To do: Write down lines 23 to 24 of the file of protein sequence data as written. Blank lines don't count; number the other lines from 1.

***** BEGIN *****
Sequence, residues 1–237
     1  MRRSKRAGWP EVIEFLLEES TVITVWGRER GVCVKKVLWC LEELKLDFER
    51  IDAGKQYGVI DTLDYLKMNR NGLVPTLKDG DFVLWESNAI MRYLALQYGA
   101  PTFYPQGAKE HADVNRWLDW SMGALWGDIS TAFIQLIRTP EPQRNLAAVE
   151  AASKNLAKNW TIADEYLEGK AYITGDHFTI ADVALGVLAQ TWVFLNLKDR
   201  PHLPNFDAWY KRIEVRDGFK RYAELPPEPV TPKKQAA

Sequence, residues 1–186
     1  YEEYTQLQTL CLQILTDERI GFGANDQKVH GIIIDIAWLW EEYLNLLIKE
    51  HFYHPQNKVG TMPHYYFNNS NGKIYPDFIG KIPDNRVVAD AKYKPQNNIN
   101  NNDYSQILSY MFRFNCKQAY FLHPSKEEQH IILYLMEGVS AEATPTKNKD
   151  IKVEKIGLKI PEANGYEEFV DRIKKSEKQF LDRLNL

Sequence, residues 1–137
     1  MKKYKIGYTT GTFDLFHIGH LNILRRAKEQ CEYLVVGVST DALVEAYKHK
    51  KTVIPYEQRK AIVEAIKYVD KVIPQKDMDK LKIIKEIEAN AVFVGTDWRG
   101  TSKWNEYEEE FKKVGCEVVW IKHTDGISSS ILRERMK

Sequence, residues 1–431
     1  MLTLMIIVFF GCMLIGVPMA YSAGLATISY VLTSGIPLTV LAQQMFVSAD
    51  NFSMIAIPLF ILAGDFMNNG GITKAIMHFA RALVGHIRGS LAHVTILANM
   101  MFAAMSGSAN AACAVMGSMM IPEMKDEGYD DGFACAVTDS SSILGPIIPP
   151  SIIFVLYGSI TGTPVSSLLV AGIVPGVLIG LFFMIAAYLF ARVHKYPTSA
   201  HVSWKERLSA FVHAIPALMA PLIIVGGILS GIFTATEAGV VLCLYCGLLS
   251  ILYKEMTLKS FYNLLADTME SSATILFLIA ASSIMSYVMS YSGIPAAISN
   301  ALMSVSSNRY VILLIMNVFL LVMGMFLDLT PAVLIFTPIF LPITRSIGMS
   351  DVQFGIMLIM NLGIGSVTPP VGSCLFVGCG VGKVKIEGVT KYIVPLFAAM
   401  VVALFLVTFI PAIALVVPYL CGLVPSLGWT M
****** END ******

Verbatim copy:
   301  ALMSVSSNRY VILLIMNVFL LVMGMFLDLT PAVLIFTPIF LPITRSIGMS
   351  DVQFGIMLIM NLGIGSVTPP VGSCLFVGCG VGKVKIEGVT KYIVPLFAAM